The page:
Asaba massacre

The Asaba Massacre occurred in October 1967 in Asaba, Delta State, Nigeria during the Nigerian Civil War.

Asaba Massacre
Asaba massacre is located in Nigeria
Asaba
Asaba
Asaba massacre (Nigeria)
LocationAsaba, Nigeria
Date5-7 October 1967
TargetIgbo/civilians of Asaba
Attack type
Mass murder
DeathsAt least 1,000.
PerpetratorsNigerian 2nd Division under Murtala Mohammed Ibrahim Haruna Ibrahim Taiwo

BackgroundEdit

In August 1967, three months into the Biafran War, Biafran troops invaded the Midwest Region, to the west of the River Niger. They spread west, taking Benin City and reaching as far as Ore, where they were pushed back by the Nigerian Second Division, under the command of Col. Murtala Muhammed.[1]

The Federal troops gained the upper hand, and forced the Biafrans back to the Niger, where they crossed the bridge back into the Biafran city of Onitsha, which lies directly across from Asaba. The Biafrans blew up the eastern spans of the Onitsha bridge, so that the Federal troops were unable to pursue them. It was at this point that the people of Asaba met their ill fate. [2]

MassacreEdit

The Federal troops entered Asaba around October 5, and began ransacking houses and killing civilians, claiming they were Biafran sympathisers. Reports suggest that several hundred may have been killed individually and in groups at various locations in the town. Leaders summoned the townspeople to assemble on the morning of October 7, hoping to end the violence through a show of support for "One Nigeria." Hundreds of men, women, and children, many wearing the ceremonial akwa ocha (white) attire paraded along the main street, singing, dancing, and chanting "One Nigeria." At a junction, men and teenage boys were separated from women and young children, and gathered in an open square at Ogbe-Osowa village.[3] Federal troops revealed machine guns, and orders were given, reportedly by Second-in-Command, Maj. Ibrahim Taiwo, to open fire. It is estimated that more than 700 men and boys were killed (both the innocents) , some as young as 12 years old, in addition to many more killed in the preceding days[4].[5]

The bodies of some victims were retrieved by family members and buried at home.[6] But most were buried in mass graves, without appropriate ceremony. Many extended families lost dozens of men and boys. Federal troops occupied Asaba for many months, during which time most of the town was destroyed, many women and girls were raped or forcibly "married," and large numbers of citizens fled, often not returning until the war ended in 1970. The total death toll during early October was in excess of 1,000, although the exact numbers will likely never be known.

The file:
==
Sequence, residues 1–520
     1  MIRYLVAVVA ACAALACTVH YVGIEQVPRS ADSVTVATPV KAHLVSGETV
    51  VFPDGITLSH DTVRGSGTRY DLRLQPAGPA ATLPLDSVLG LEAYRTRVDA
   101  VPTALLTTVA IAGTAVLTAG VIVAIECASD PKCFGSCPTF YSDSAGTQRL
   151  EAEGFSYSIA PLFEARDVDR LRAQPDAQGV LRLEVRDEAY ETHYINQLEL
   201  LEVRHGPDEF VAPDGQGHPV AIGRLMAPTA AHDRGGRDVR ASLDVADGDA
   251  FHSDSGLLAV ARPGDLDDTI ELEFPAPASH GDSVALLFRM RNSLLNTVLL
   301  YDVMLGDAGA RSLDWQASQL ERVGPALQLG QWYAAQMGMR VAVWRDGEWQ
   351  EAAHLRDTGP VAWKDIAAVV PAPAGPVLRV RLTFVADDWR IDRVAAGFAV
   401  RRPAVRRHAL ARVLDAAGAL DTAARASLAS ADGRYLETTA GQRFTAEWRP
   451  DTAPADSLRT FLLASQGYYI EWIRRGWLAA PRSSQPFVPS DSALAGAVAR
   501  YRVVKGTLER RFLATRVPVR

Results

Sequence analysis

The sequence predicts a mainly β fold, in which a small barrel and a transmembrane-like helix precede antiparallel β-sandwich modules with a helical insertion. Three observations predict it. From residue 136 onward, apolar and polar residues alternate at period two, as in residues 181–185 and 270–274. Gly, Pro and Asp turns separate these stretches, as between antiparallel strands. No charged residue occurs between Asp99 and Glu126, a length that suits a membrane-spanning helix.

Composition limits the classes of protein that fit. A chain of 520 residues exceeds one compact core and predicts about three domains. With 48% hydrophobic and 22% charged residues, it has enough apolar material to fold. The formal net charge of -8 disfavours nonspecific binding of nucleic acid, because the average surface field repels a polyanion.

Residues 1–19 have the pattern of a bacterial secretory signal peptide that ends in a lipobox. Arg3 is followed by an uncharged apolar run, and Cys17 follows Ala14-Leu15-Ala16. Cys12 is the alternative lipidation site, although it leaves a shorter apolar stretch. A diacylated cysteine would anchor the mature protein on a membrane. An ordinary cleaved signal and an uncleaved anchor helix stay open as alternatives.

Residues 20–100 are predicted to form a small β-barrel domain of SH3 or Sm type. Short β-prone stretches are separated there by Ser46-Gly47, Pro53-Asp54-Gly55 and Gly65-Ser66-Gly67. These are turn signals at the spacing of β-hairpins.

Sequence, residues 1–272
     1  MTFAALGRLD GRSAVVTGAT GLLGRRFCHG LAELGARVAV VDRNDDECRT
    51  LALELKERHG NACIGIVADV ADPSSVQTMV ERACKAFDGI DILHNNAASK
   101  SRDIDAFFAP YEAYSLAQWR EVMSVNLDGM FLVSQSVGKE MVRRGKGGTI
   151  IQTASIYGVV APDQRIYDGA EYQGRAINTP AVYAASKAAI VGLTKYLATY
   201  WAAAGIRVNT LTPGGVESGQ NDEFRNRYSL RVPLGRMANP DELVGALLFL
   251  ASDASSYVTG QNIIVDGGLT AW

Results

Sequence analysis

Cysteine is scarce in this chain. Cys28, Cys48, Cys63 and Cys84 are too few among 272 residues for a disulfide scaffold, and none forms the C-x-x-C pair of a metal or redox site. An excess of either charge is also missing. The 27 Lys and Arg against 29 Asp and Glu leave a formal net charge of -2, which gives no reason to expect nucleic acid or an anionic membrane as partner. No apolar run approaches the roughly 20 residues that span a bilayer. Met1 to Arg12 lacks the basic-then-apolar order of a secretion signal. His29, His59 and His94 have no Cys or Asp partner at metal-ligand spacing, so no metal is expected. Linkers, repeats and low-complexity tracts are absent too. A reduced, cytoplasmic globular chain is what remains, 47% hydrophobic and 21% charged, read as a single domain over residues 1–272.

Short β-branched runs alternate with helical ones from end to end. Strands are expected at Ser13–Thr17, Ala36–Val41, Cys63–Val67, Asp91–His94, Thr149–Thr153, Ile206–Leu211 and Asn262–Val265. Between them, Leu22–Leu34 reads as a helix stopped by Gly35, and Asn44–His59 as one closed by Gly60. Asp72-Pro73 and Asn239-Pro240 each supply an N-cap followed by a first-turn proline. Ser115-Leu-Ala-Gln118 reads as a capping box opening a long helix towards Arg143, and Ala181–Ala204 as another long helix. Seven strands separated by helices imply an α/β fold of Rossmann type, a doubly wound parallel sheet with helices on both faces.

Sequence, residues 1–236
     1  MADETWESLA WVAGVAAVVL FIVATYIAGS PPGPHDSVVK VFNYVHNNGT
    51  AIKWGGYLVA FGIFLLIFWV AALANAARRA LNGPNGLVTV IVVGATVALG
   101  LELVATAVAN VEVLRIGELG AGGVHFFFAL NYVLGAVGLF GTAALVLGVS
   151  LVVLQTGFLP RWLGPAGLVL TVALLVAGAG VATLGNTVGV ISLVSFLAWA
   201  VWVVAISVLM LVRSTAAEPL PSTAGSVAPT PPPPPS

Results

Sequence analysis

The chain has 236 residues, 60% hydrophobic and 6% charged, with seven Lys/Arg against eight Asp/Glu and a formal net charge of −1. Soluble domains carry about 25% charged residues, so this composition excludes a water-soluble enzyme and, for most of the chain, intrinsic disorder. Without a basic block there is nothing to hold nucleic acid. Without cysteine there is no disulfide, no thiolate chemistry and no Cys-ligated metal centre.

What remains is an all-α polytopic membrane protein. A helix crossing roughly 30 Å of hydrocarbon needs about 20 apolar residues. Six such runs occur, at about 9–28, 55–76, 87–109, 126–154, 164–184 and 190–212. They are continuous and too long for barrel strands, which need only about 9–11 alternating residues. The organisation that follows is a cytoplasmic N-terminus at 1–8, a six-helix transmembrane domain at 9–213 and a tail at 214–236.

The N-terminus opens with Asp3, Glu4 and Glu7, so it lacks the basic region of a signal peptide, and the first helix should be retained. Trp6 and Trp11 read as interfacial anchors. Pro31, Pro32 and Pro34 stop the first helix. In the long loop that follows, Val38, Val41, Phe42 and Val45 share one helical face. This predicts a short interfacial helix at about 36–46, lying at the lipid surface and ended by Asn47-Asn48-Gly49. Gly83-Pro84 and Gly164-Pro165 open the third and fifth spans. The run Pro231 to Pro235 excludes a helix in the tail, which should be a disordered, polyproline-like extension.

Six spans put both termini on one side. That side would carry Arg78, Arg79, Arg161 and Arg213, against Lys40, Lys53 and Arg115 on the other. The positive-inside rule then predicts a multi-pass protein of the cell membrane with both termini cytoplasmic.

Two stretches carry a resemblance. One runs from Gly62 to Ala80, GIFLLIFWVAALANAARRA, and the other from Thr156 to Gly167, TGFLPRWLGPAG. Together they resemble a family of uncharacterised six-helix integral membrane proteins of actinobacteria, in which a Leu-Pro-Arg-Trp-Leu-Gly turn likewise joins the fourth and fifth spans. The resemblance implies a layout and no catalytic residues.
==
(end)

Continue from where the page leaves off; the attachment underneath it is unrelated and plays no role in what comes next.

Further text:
SuspectEdit

I.B.M. Haruna has sometimes been named as the officer who ordered the massacre, following a report of his testimony to the Nigerian Human Rights Violations Investigations Commission, known as the Oputa Panel.[7] This article quoted him as claiming responsibility (as the commanding officer) and having no apology for the atrocity. However, Haruna was not present in Asaba in 1967. He replaced Murtala Muhammed as C.O. of the Second Division in spring 1968.

In October 2017, the Asaba community marked the 50th anniversary of the massacres with a two-day commemoration, during which the new, comprehensive book on the massacre, its causes, consequences, and legacy, was launched: "The Asaba Massacre: Trauma, Memory, and the Nigerian Civil War," by S. Elizabeth Bird and Fraser Ottanelli (Cambridge University Press). This book, which draws on interviews with survivors and military and government figures, as well as archival sources, discusses how and why the massacres happened, and the impact of this community trauma, decades after the event.

ReferencesEdit

  1. ^ "Nigerian Civil War: How Asaba indigenes were massacred 53 years ago". Vanguard News. 2020-10-15. Retrieved 2021-09-10.
  2. ^ Omipidan, Teslim (2021-03-02). "Asaba Massacre: How Hundreds of Asaba People Were Killed In 1967". OldNaija. Retrieved 2021-10-21.
  3. ^ "Asaba Massacre: After the killings, Asaba became a town of just women, with no men –Gwam". Punch Newspapers. 2017-11-18. Retrieved 2021-04-17.
  4. ^ says, Dr Uche Kalu (2020-01-21). "Asaba massacre: Untold story of tragedy and carnage". The Sun Nigeria. Retrieved 2021-04-17.
  5. ^ "Asaba Massacre: Terrible Blot on Nigeria's History". Vanguard News. 2020-10-10. Retrieved 2021-04-17.
  6. ^ "Asaba massacre: How we can heal our wounds — Soyinka". Vanguard News. 2017-10-14. Retrieved 2021-09-10.
  7. ^ (Vanguard, 10 Oct. 2001).

BibliographyEdit

  • Bird, SE and F. Ottanelli (2017). The Asaba Massacre: Trauma, Memory, and the Nigerian Civil War. Cambridge University Press.
  • Bird SE and F. Ottanelli (2014). The Asaba Massacre and the Nigerian Civil War: Reclaiming Hidden History. Journal of Genocide Research 16 (2-3): 379-399.
  • Bird SE and F. Ottanelli (2011). The History and Legacy of the Asaba, Nigeria, Massacres. African Studies Review 54 (3): 1-26.

See alsoEdit

External linksEdit

  • [http://www.asabamemorial.org/ www.asabamemorial.org The Asaba Memorial Project website, which includes comprehensive information, video clips of witnesses, and other resources.
  • https://vimeo.com/71894404, "Most Vulnerable Nigerians: The Legacy of the Asaba Massacres." Video created as part of the Asaba Memorial Project]